Get Your Liver Back on Track: Reversing Fatty Liver Disease

Up to 90 million Americans have fatty liver. This disease has almost no symptoms, and yet its consequences can be dire. There is no medication or surgery to cure it. Sounds scary, right? Luckily, you can reverse the disease – read on to learn how!

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The phantom menace

Your liver is considered fatty if it is over 5% fat, with the level of 10% considered a true fatty liver disease. And yet, you may feel nothing, except some persistent fatigue and vague pain in the right side of your abdomen. If your liver keeps getting fatter, however, you are facing much graver stages of the disease:

  1. Swelling and inflammation. When your liver becomes swollen with all the extra fat, you may experience nausea, vomiting, abdominal pain, and jaundice (yellowish skin).
  2. Cirrhosis. If accumulated damage leaves your liver permanently scarred, you will suffer from jaundice, nausea, loss of appetite, itch, swelling, and red palms (a fuller list here).
  3. Liver failure. Its symptoms include vomiting, confusion, abdominal pain, jaundice, and sleepiness. People rarely survive more than two years with liver failure.

Reverse it while you can

If you eat lots of sugar, suffer from obesity, lead a sedentary lifestyle, and often drink alcohol, the chances of your liver is fatty are very high. Get an ultrasound, an MRI or a CT scan, and do a blood test that includes liver enzymes to see if your liver is ok.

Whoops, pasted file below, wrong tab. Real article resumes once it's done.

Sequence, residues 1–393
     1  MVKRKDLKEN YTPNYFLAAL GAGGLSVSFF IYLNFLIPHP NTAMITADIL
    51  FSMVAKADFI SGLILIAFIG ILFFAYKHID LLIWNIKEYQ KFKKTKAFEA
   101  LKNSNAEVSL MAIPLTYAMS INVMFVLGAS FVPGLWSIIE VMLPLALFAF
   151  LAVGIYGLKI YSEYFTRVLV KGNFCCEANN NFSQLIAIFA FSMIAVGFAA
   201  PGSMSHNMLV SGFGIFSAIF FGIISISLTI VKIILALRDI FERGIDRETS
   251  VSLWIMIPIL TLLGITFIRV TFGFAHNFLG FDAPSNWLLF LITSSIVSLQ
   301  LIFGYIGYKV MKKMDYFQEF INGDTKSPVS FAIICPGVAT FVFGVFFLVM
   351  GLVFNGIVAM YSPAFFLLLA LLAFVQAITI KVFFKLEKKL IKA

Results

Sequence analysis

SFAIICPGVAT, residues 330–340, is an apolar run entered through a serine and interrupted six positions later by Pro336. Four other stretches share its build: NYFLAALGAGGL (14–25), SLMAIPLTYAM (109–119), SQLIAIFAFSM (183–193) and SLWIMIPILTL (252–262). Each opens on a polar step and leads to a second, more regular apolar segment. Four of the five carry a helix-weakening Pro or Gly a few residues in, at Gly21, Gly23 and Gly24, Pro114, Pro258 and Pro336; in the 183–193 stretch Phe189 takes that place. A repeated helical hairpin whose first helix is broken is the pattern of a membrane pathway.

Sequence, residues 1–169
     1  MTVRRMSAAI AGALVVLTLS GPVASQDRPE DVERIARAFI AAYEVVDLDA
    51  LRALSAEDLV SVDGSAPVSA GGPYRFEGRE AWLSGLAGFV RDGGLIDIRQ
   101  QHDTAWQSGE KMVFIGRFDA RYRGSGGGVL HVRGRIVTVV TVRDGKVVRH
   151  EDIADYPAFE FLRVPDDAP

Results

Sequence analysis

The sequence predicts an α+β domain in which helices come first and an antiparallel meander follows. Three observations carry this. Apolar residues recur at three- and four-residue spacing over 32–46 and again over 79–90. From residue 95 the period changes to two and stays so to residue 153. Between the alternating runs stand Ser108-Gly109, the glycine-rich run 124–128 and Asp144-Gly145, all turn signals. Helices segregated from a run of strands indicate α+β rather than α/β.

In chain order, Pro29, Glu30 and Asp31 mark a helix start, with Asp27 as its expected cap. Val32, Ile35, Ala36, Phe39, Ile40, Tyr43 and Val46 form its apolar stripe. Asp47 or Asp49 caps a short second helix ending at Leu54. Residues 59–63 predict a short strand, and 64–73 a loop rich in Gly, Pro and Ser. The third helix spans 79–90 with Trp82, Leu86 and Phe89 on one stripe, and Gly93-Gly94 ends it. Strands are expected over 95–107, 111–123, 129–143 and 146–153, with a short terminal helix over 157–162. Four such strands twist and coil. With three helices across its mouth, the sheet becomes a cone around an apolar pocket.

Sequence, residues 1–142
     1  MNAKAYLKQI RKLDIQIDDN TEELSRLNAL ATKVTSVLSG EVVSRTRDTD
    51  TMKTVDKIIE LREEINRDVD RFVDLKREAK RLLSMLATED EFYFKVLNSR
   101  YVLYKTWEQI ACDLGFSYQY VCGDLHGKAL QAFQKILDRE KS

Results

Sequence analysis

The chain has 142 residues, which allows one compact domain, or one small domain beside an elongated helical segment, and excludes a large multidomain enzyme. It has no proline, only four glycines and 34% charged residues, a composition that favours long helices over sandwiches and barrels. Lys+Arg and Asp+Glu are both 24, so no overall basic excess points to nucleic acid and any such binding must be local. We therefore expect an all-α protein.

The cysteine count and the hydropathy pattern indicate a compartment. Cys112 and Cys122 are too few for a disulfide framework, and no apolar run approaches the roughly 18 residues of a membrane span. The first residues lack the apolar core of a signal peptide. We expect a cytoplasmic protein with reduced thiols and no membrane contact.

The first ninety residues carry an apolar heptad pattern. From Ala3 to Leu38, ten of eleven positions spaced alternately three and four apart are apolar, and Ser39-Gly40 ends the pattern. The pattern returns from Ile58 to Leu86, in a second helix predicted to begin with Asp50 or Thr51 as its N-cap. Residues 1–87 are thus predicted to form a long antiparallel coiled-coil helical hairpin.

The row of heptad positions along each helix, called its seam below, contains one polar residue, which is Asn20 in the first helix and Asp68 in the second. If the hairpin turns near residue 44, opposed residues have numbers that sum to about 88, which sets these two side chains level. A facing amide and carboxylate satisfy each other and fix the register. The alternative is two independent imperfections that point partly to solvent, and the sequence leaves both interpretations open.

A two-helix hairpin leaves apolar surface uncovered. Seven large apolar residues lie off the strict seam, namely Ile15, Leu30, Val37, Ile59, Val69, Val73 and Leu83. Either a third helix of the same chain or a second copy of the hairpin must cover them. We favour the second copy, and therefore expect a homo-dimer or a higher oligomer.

Let’s stress this again: there is no approved medication for fatty liver, but it is reversible; all you need to do is change your lifestyle.

  • Lose weight. Not all people with fatty liver are obese, but for those who are, losing 10 pounds (5kg) can make a great difference (more on weight loss and fatty liver here).
  • Stop drinking alcohol. If you have over 10% fat in your liver, you should not drink any alcohol at all!
  • Cut down on sugar. Let’s get this straight: you do NOT need to cut out fats. The fat stored in your liver is produced by breaking down carbs, especially fructose. Try to eat less pasta, sweets, and sugary fruits like dates, mangoes, grapes, and watermelon.
  • Switch to whole grains. Research shows that whole grains are a much better source of energy for those with fatty liver.
  • Exercise regularly. Aim for at 30 minutes of exercise per day. Studies¬†show that exercise normalizes the levels of liver enzymes even in the absense of a serious weight loss.

Home remedies to try

While no approved drugs to treat fatty liver are available on the market just yet, recent research suggests that some plants and herbs can be worth trying.

  1. Glutathione – this compound has been shown to detox and restore liver; it is contained in lemons, cabbage, arugula, and cauliflower.
  2. Turmeric – so far just one pilot study indicates that this traditional Indian spice can help treat fatty liver; however, using this aromatic ingredient in your cooking is always a good idea.
  3. Licorice – not everyone likes the taste of licorice root, but research indicates that it does a great job protecting your liver.

While these remedies may prove efficient, the main point to take home is that your liver reflects your lifestyle. You may eat as many lemons as you want, but your liver will not reverse to its original healthy state unless you make an effort to be a healthy person. As with so many other diseases, diet and exercise are the key.

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